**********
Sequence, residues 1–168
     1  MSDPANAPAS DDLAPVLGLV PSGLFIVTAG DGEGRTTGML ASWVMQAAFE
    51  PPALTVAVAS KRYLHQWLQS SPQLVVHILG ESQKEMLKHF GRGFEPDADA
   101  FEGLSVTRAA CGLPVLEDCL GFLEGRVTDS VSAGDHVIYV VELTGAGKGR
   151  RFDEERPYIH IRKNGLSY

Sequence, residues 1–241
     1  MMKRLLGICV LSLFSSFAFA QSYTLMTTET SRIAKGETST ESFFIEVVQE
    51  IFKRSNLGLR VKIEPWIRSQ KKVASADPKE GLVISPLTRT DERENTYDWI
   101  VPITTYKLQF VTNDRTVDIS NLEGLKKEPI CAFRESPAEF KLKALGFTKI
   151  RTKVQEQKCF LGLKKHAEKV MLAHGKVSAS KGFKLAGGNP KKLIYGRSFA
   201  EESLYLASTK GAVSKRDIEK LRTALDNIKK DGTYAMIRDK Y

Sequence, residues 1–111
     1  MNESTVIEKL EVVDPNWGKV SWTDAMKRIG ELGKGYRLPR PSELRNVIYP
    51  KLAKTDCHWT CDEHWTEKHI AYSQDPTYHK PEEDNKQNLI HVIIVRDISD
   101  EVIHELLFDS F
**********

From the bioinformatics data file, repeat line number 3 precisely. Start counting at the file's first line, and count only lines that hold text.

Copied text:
    51  PPALTVAVAS KRYLHQWLQS SPQLVVHILG ESQKEMLKHF GRGFEPDADA